# Stats 100A Notes

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Lecture 1 (10/2/23) Probability and Set Operations (1.2~1.4) Lecture Notes Summary We will use set theory for the mathematical model of events. Outcomes of an experiment are elements of some sample space S, and each event is a subset of S. Two events both occur if the outcome is in the intersection of the two sets. At least one of a collection of events occurs if the outcome is in the union of the sets. Two events cannot both occur if the sets are disjoint. An event fails to occur if the outcome is in the complement of the set. The empty set is every event that cannot possibly occur. Video Notes Lecture 2 (10/4/23) Properties of Probability (1.5) Lecture Notes Summary IfAi,..., aredisjoint,Pr(Uf^jA,)= Pr(A/). ■Pr(A^)= 1- Pr(A). ■ A C B implies that Pr(A) < Pr(5). ■Pr(A U5) = Pr(A)+ Pr(5)-Pr(A5). Simple Space (1.6) A simple sample space is a finite sample space S such that every outcome in S has the same probability. If there are n outcomes in a simple sample space S, then each one must have probability 1/n. The probability of an event £ in a simple sample space is the number of outcomes in E divided by n. In the next three sections, we will present some useful methods for counting numbers of outcomes in various events.
Counting Methods (1.7) Suppose that the following conditions are met: ■ Each element of a set consists of k distinguishable parts. ■ There are n i possibilities for the first part. ■Foreachi=2,...,kandeachcombinationofthefirsti—1parts,therearen, possibilities for the /th part. Under these conditions, there are tii •■■ elements of the set. The third condition requires only that the number of possibilities for part i be n,- no matter what the earlier partsare.Forexample,for/=2,itdoesnotrequirethatthesame ^2 possibilitiesbe available for part 2 regardless of what part 1 is. It only requires that the number of possibilities be n 2 no matter what part 1 is. In this way, the general rule includes the multiplication rule, the calculation of permutations, and sampling with replacement as special cases. For permutations of m items k at a time, we have n,- = m —/ + 1 for / = 1,. . ., and the n, possibilities for part i are just the n, items that have not yet appeared in the first i — 1parts. For sampling with replacement from m items, we have n,- = m for all /, and the m possibilities are the same for every part. In the next section, we shall consider how to count elements of sets in which the parts of each element are not distinguishable.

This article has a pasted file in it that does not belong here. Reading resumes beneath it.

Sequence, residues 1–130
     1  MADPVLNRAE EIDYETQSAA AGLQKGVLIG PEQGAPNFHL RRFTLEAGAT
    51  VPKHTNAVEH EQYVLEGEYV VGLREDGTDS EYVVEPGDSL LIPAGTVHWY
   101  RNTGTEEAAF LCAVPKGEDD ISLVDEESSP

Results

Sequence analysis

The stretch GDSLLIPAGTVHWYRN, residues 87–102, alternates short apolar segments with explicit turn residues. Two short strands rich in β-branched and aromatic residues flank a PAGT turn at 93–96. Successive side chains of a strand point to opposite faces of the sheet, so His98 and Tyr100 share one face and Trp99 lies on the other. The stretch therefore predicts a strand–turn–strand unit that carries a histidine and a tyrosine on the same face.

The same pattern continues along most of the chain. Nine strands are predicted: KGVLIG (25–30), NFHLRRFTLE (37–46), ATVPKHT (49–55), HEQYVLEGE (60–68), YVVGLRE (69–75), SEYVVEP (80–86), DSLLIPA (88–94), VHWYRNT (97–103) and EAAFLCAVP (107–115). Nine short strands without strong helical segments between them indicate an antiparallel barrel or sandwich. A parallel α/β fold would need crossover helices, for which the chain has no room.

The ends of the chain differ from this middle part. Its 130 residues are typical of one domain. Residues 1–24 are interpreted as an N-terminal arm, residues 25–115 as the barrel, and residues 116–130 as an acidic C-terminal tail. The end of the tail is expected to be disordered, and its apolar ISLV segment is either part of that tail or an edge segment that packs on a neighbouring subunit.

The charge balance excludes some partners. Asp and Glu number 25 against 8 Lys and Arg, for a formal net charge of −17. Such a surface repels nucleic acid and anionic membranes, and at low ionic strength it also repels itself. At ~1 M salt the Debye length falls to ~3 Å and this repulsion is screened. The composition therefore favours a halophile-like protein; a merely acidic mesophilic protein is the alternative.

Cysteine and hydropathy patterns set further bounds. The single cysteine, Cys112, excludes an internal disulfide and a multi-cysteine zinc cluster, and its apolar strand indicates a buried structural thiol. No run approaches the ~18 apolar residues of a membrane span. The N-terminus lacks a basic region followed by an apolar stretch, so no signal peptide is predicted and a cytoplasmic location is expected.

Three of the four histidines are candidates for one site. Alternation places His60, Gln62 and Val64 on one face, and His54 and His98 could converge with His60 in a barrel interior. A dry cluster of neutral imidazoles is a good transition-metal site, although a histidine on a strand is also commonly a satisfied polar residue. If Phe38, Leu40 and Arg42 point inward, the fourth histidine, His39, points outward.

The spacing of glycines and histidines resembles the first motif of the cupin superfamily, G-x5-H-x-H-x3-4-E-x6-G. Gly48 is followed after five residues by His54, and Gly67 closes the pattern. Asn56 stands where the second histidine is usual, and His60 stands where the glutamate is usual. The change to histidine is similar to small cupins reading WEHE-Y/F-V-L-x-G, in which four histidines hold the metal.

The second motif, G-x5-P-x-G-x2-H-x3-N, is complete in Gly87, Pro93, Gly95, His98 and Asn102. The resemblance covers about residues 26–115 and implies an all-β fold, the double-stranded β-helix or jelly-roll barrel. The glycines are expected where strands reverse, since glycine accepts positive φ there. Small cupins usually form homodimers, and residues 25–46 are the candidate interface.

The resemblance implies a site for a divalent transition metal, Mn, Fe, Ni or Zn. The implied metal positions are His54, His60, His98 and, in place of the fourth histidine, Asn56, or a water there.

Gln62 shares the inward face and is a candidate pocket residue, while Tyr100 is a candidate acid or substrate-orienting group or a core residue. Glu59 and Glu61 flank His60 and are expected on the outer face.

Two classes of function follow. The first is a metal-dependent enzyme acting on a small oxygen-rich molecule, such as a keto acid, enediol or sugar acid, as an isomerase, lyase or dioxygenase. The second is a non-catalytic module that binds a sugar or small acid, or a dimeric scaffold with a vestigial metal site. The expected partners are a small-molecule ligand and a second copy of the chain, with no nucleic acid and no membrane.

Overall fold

Multiplication method- sampling with replacement Factorial method- sampling without replacement (where binomial theorem comes from- not a simple sample space) Complex example- screen shot above Combinatorial Methods (1.8)